Your remark how it has always seemed very strange to you that everyone expects their stored money to appreciate over time prompted me to think about it. It seems to me that this popular and deeply rooted expectation is nothing but an expression of … greed. We all naively believe and have no qualms about it that we can earn something without doing anything. That is also exactly the point I made in my previous post. We all play at this game. And as in any game there are winners (a few) and loosers (the majority). Therefore the loosers have little moral ground to complain and raise hue and cry against the winners. They accepted the rules and should therefore reap as they sowed.
      Question is who has the moral ground to stand up to and fight against the current economic … injustice.
      Do you know any such person? I most certainly do not qualify 🙂


  15. Hi Jarek
    I acknowledge all you say.
    We are perhaps far more alike than your realise.
    Right now I am sitting beside the wood stove that I lit a few minute ago, and it is burning wood we collected from our half acre section (which is all planted in trees).

    Like you, provided I don’t do much that requires much money, I have remarkable freedom.
    I have computers, access to the internet, friends, food, time.
    I have access to more information than the most advanced philosopher of 30 years ago.
    Compared to what my grandparents knew, I live in amazing luxury, yet compared to many around me, I live a very modest life.

    That we are all so wealthy, is basically down to oil. 10,000 man hours of effort in every barrel. 1 litre of oil can, via an internal combustion engine, do the work of one man working 12 hours.
    The hardest thing for most people to get is the effect that robotics is about to have.
    Google’s self driving cars are now legal in Nevada state in the USA.
    Last week a paralysed woman walked the London marathon, with a robotic set of legs.

    Very soon we will be able to automate any process that any human can do.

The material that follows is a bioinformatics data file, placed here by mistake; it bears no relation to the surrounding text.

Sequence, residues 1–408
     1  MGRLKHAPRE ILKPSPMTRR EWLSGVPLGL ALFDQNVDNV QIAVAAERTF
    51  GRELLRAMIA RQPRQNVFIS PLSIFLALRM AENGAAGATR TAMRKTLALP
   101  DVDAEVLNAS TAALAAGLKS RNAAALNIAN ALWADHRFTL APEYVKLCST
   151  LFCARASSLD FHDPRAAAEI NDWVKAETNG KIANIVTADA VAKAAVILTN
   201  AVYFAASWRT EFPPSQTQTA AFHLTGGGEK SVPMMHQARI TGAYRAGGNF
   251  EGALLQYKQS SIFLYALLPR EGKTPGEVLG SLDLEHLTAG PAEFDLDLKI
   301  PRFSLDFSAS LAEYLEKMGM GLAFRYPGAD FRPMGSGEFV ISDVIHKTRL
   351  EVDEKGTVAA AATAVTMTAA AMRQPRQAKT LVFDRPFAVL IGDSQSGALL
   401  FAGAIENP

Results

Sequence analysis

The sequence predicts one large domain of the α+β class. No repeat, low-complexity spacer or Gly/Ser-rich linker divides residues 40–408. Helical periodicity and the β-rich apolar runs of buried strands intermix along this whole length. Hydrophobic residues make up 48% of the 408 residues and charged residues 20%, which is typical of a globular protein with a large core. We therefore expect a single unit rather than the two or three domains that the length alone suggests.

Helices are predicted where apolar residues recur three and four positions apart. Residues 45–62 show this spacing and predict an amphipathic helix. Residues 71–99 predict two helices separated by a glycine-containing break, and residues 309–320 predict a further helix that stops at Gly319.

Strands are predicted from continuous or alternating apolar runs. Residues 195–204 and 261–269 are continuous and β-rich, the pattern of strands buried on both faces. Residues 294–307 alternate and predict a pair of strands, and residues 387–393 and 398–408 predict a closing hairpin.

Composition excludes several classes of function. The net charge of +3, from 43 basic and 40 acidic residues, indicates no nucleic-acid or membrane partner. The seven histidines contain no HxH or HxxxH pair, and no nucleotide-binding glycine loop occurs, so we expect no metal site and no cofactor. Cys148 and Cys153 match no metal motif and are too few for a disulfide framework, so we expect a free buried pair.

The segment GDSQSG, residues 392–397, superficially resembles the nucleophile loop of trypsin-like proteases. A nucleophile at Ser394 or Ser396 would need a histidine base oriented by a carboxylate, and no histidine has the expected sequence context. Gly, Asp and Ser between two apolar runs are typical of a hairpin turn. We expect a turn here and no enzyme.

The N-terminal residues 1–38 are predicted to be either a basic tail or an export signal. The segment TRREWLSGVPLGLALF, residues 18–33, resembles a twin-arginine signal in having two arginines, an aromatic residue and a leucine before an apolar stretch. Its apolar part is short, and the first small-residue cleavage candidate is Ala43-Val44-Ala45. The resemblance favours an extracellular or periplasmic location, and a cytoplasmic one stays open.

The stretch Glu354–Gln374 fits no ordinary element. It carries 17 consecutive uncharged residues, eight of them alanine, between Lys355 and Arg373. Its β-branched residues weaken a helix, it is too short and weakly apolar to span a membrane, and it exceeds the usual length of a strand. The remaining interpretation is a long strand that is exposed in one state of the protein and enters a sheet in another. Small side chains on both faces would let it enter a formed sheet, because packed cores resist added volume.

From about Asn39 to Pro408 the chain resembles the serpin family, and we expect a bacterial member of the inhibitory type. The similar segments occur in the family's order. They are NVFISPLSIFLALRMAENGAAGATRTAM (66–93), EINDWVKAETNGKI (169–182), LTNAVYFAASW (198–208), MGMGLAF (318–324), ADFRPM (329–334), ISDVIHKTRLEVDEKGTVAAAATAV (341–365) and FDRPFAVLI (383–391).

At that point, the idea of scarcity disappears.
    The utility of markets essentially disappears.
    The utility of money essentially disappears – for most goods and services.

    Within the next 20 years we will (based upon current exponential trends) be able to completely replace our reliance on oil with solar photovoltaics.

    We can do all these things, and guarantee every individual the basic necessities of life.

    Question is, will we?
    Will we, as a society, be able to get past the deep attachment that many have to markets and their measure (money)?

    Rather than simple greed, our reliance on money is deeply buried in our legal, political, educational and cultural systems.
    In this country, it is illegal to lend someone money without charging interest.
    If you do, the tax department assesses the income you would have made if you had charged interest and taxes you on it.
    There are all those old sayings, like “there is no such thing as a free lunch”.

    I have to make money to live, and do.
    I do not make money to invest in banks or markets.
    Some call this stupidity.


  16. jareksteliga says:

    Hello Ted,

    It pleases me to hear that, diametrically opposed as we are geographically, there are similarities between us. One circumstance strikes me as particularly coincidental. We both enjoy privately owned source of firewood, since I also happen to have a plot of land which is covered with ca 10 years old birches. What is different is that your trees were planted and mine spontenously spread across a once arable land left uncultivated 12 years ago or so.
    More significant similarity is that we both consider ourselves as leading free, comfortable lives. The access to information and knowledge theorethical and practical is … too good to be true and I tremble lest some dark, evil forces should take it away from us.